6. Education and employment: In the long term, the state should start reemphasising on education, which will be crucial in narrative-building—especially the social sciences. Special Industry Initiative (SII J&K) ‘UdDAAN. Himayat – skills to dropouts.
  7. Prime Minister Development Package for J&K – 2015 Prime Minister announced a package of Rs. 80,068 crores towards Special Assistance to J&K for development of Infrastructure.

Long term reforms:

  1. Consensus building by talking to all sections of political opinion in J&K.
  2. Early return of statehood to J&K.
  3. Early consensus and resolution of the property problem of Kashmiri Pandits.

Some measures to De – Radicalise in J&K

  • District Development Councils: After J&K lost its statehood, political focus in Kashmir shifted to District Development Councils and grassroots development.
  • Kashmiris have long had to deal with bureaucratic red tape can find new hope with elected local leaders who can ensure good governance and local development.
  • Representatives in these bodies shielded from being targeted and must attempt to empower them, in terms of political and financial jurisdictions. It is only with perception of “efficient good governance” and “governed by us” that the violent narratives can be countered.
  • Social media has become a pivotal source of information, misinformation, and propaganda in times of new militancy.
  • Although government has used reactive tactics such as blanket bans, monitoring, censoring, and reporting extremist profiles and content, it has been unable to deter the spread of extremist content through social media. Such content and narratives must be contradicted with consistent counter-narratives.
  • The state will still need to invest in artificial intelligence (AI) and other technology to discourage extremist content and should also find creative ways where Kashmiris can consume the narratives produced by the Indian state and army.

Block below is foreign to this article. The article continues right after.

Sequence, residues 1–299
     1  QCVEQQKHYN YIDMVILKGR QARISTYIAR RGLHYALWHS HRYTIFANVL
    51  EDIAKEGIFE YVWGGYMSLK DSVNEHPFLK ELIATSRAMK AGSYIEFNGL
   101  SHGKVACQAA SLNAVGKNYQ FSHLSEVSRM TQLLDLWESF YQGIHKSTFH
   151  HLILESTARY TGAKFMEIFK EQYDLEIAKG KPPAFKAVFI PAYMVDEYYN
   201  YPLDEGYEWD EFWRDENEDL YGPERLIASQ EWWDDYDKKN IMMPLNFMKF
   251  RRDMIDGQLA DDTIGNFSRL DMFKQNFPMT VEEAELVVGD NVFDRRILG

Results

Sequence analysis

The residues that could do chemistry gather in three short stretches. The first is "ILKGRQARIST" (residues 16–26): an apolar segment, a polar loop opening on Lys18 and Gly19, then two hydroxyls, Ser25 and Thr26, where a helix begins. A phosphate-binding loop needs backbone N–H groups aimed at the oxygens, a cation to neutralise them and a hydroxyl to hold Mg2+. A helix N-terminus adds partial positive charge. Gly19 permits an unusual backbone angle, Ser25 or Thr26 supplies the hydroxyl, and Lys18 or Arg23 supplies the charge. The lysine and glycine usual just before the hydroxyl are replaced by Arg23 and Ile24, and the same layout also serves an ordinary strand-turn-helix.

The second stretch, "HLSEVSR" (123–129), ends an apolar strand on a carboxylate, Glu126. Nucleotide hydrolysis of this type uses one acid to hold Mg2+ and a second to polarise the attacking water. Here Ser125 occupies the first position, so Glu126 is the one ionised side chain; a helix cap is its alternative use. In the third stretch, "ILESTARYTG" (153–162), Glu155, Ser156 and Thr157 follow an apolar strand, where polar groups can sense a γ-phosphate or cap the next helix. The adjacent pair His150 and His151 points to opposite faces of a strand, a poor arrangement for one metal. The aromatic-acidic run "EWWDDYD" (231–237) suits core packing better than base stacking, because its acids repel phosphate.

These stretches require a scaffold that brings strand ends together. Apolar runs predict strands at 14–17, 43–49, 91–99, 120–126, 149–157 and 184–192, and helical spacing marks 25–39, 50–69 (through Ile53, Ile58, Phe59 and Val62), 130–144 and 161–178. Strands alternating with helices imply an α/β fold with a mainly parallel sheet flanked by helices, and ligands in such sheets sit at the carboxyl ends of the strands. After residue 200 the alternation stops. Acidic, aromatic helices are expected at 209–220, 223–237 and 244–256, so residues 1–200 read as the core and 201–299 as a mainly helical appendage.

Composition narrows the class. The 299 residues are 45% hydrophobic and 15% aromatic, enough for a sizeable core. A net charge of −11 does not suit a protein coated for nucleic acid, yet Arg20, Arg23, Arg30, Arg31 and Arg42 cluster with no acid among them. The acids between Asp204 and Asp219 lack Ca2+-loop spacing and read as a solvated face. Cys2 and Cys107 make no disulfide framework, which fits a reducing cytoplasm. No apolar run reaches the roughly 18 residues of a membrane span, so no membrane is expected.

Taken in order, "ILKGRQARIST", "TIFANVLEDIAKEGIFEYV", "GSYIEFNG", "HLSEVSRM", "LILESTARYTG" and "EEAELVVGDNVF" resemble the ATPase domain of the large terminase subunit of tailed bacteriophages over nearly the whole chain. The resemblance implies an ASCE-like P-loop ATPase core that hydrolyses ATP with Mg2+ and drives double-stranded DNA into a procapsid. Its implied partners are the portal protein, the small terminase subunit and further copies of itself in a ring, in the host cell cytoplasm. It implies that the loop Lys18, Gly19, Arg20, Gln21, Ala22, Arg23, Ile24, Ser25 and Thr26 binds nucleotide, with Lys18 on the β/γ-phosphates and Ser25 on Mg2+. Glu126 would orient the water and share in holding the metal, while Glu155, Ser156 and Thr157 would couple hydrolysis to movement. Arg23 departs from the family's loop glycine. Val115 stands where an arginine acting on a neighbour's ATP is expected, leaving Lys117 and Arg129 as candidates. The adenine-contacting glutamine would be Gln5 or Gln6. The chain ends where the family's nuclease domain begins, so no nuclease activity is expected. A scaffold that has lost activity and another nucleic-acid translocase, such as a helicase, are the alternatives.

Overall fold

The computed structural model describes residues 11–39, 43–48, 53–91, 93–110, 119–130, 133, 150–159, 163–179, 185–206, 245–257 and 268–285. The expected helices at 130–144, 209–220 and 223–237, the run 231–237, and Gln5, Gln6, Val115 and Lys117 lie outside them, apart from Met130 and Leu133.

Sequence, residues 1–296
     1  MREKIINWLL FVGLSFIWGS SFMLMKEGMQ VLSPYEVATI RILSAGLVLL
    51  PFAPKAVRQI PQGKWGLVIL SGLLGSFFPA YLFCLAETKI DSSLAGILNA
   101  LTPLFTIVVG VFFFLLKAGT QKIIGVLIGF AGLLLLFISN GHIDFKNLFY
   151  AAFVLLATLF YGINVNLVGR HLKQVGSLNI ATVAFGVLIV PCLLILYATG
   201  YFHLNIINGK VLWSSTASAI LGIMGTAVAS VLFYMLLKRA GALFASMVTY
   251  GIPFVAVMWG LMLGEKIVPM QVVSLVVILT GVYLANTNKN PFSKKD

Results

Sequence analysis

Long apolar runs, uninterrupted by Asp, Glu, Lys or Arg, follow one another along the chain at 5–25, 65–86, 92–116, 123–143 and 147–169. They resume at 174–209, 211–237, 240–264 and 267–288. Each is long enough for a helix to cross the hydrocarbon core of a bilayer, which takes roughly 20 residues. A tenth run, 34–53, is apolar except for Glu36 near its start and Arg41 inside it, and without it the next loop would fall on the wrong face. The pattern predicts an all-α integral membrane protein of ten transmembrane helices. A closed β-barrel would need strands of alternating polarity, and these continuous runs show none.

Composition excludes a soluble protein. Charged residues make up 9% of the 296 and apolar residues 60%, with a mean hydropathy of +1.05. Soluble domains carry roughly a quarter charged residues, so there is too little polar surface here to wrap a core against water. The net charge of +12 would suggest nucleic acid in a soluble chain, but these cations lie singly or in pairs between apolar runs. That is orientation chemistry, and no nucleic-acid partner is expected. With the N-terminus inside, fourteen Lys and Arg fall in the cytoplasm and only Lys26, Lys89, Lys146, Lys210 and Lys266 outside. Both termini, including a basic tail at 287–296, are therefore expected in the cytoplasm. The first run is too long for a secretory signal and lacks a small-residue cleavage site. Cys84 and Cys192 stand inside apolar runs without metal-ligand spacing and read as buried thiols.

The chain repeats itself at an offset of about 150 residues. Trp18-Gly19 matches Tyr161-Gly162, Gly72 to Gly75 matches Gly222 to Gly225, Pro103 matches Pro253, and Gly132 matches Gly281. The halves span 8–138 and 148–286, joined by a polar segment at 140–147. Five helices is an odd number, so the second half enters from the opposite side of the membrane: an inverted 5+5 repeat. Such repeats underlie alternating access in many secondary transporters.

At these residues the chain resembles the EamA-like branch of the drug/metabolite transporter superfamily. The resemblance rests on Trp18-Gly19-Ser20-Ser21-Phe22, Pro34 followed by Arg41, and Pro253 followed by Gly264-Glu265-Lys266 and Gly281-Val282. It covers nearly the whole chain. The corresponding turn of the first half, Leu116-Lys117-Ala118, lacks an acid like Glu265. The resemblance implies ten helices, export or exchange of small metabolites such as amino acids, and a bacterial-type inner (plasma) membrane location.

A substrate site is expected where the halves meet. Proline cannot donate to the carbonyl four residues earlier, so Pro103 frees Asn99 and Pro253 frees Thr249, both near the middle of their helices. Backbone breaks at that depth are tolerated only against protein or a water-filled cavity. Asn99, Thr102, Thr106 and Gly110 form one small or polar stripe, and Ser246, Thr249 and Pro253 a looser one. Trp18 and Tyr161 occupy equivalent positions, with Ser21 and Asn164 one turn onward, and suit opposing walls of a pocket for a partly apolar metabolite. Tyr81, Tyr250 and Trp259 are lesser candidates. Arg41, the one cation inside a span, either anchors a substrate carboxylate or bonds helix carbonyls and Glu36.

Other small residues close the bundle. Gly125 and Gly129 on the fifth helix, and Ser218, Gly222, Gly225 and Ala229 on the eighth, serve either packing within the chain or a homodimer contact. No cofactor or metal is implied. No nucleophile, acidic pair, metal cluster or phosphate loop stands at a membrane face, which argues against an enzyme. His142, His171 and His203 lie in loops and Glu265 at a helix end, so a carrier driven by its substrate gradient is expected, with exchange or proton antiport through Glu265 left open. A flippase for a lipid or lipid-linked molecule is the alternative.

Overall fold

• Justice: Narratives of humiliation, shame, and injustice from India have been strongly entrenched amongst the Kashmiris. In the past, cases against the extrajudicial conduct of the armed forces have been denied/dismissed for trial by the Centre or suspended by the armed forces tribunal.
  • This has presumably happened to avoid the morale damage of the deployed troops that could impact the conduct of counter-militancy operations. However, with the need for enhancing stronger narratives, the state must find a delicate balance between building narratives and not impacting their anti-militancy operations.
  • Technology: Certain narratives of Kashmiris, such as India being an ‘occupier’ or ‘colonizer,’ emerge from fact that India has adopted a policy of mass deployment in the region.
  • As India cannot afford to demilitarize the Valley, it can start focusing on smart rather than hard, it can invest more in technologies such as UAVs or drone technology and deploy them in peaceful areas. These technological tools can be used to conduct surveillance, maintain law and order, and deter the use of drones by militants and militant supporters.
  • Education: State should start re-emphasising on education, which will be crucial in narrative-building—especially social sciences.
  • There is a need to facilitate education through the virtual space, using for instance, pre-recorded educational videos; this can help ensure that the disruption of education during times of unrest does not create space for radicalisation.


All steps should be taken to ensure safety and security for the lives of citizens by boost security and capacity of security agencies. Also, at the same time, steps should be taken to de radicalise the youth of Kashmir, along with more political engagement to create a sustainable environment of peace.